Unabridged Me

JUST ANOTHER WRITER

In general, I present a very serious and reserved persona. Most people who meet me think I have zero sense of humor. However, I do have a sense of humor.

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When writing gets in the way

December 3, 2018

So, I’ve done it. Kind of.

What did I do? I finished a novella, which is lengthier than I ever thought I could write. Now I’m done with the first draft, it’s time to edit and shine it up into a precious gemstone, readying it for cover art and marketing, to have an amazing debut into the world.

At least, that’s what is supposed to happen. The poor file has been sitting in a folder, calling out to me as I go about other things.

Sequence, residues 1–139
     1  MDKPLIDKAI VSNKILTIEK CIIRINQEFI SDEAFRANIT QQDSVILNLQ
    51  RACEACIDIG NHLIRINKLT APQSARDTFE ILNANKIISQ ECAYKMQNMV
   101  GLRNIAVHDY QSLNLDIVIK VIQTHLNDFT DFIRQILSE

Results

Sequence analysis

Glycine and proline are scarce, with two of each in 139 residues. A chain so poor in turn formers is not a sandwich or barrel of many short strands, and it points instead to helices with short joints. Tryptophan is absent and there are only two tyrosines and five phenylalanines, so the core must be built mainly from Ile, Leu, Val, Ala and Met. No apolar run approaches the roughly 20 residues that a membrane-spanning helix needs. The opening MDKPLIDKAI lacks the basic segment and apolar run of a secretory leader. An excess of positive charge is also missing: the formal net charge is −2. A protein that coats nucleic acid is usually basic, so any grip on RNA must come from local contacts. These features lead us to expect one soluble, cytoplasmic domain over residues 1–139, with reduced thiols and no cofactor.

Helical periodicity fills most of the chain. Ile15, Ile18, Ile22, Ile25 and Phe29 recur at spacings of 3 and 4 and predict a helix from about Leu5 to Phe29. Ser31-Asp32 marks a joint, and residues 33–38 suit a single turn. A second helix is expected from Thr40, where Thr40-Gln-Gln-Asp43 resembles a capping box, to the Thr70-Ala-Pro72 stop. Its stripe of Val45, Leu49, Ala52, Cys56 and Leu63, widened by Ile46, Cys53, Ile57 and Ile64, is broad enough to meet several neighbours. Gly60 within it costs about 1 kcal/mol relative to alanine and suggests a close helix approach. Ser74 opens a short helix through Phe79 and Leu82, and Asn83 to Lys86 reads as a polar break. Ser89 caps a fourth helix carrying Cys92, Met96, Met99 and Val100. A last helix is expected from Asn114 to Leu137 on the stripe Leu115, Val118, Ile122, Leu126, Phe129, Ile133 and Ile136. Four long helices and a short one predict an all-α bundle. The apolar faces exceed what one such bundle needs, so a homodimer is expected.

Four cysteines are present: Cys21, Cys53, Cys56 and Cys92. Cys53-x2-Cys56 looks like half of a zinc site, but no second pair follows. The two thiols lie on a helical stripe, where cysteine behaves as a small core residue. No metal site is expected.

Unfortunately, the reality of writing tends to get in the way of, well, writing. Let’s take this blog, for example. I started with the best intentions. Wrote diligently, and I saw progress in my writing style, voice, and other people having interest in what I have to say.

And then I stopped. Why? For several reasons. The most pressing is the need for money. Let’s be realistic. Unless independently wealthy, working while writing is a requirement. I am fortunate with my situation, both in not being the sole earner in the household and in being paid to write.

But this is where writing gets in the way of writing. I write marketing content, blog material, and social media for clients. The work provides some income, and I’m closer to what I like doing than in my previous career. However, writing for clients takes time away from writing on personal projects.